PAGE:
The last time we grilled out we ended up with some leftover grilled onion and red peppers. Not wanting all of that delicious flavor to go to waste, we cooked up some absolutely delicious skillet home fries and served them with bacon and a fried egg for breakfast. The potatoes would also be really tasty as part of the filling for a breakfast burrito, etc. The potatoes came together easily and they were much tastier than the soggy mess you often get on the side of your plate at a restaurant. Though you could certainly cut up some fresh red peppers and onions and cook them along with the potatoes, using the leftovers made the preparation of the potatoes a little simpler and the smokiness from the grill added wonderful flavor.
Sunday, March 21, 2010
Thursday, March 18, 2010
I was thumbing through Nigella Lawson's Feast recently and slowed down when I hit the Chocolate Guinness Cake. I figured what better time to try Chocolate Guinness Cake than right before St. Patrick's day. I'm not a beer drinker, I am pretty sure this is the first Guinness that's ever passed my lips. While I can't say I'll change my drinking habits any time soon I can certainly say there's certainly going to be more of this cake in my future. The batter comes together in a snap. Once baked the cake is dense without being heavy and moist without being fudgy. The icing helps add some sweetness that is missing in the cake but is otherwise slightly disappointing. I love cream cheese frosting but I don't think it complements the chocolate cake (the contrast also makes the cake extremely difficult to photograph with my iPhone) beyond adding sweetness which helps balance the slight bitterness of the cocoa in the cake. When I make this again I am going to top the cake with chocolate ganache instead.
Tuesday, March 16, 2010
This weekend, though the weather outside wasn't giving any indication of spring's impending arrival, I went through some of my old cookbooks, magazines, etc. looking for ideas for new spring recipes. I was immediately drawn to the Key Lime Bars in the American Classics 2009 issue of Cook's Illustrated. In my little look around the internet it appears it has been published in previous, and possibly subsequent, issues of the magazine. The crust employs animal cracker crumbs where many recipes use graham cracker crumbs and the result is surprisingly perfect. The filling is sweet but the lime stands front and center and the toasted coconut is really an excellent counter-point to the tartness of the filling.
I used freshly squeezed Persian (standard) Limes rather than Key Limes. In the past I have juiced and attempted to zest a million tiny limes and, in my hunble (though backed up by the folks who write the Cook's Illustrated magazines and cookbooks) opinion the flavor difference, if not entirely imperceptible, doesn't justify the additional expense and hassle.
Sunday, March 14, 2010
A while back I decided that I should make Challah bread. I had only tasted Challah bread as french toast but figured anything that heavenly should become part of my repertoire. I made two large loaves of Challah about 2 months ago. After smearing a little butter on the first piece sliced off of the freshly baked loaf and determining, to my horror, that I didn't really like Challah that hadn't been turned into french toast, I put the loaves in an extra thick wrapping of aluminum foil and tossed 'em in my freezer. The first loaf was made into french toast and bread pudding in pretty short order. The second loaf has languished in the freezer where it was nearly forgotten. On Friday night I was thinking about what I could make for breakfast this weekend without having to make a trip to the grocery store first. I took the Challah out of the freezer and tucked it into the fridge overnight and on Saturday morning I whipped up some pretty fine french toast. The exterior was lightly crisp and the interior was soft without turning into a puddle of milky crumbs. It's clear to me that french toast was made for Challah and Challah was made for french toast. There's a lid to every pot. I halved the recipe because there were only two of us for breakfast but this recipe can be easily scaled to feed a few or a crowd.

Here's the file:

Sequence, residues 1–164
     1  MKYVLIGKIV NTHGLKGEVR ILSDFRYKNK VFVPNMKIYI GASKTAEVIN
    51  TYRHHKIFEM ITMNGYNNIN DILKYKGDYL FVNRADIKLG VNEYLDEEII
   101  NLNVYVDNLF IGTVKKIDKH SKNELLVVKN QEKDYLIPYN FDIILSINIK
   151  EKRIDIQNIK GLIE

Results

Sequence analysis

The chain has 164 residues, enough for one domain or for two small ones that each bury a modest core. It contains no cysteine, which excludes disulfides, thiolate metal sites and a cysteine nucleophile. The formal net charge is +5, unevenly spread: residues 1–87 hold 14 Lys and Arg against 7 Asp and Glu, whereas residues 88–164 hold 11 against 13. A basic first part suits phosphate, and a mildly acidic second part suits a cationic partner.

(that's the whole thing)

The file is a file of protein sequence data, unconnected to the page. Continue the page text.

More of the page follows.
Saturday, March 13, 2010
The man of the house will tell you that there are three desserts that he really likes; thin and chewy chocolate chip cookies, pecan pie and German Chocolate Cake. The German Chocolate Cake he grew up with is the original recipe printed on Baker's brand German Chocolate bars. Apparently this is the cake he requested for all of his childhood birthdays and I didn't want to go messin' with a good thing when I made this German Chocolate Cake last weekend. I was honestly surprised at the complexity of the cake recipe found inside the box. I figured this recipe would be one step removed from the boxed, add water, eggs and oil variety, but soon found out that I would be whipping egg whites into stiff little peaks and stirring constantly at my stovetop to make the gooey coconut-pecan filling that elevates German Chocolate Cake to crave-worthy status. The chocolate cake layers are light and are not overwhelmingly chocolate-y. They are a perfect counterpoint to the sinfully rich and decadent coconut pecan filling.
Thursday, March 11, 2010
Having gotten the hang of our new pasta machine, I was excited to try homemade ravioli. We had some friends over this weekend and I thought mushroom ravioli would be an inexpensive way to serve a special dinner to friends. This recipe isn't especially difficult but it is a little time consuming. The results are well worth it, though. The mushroom filling is delicious with homemade and would work equally well with fresh lasagna noodles. I served this with a Marsala cream sauce (recipe follows).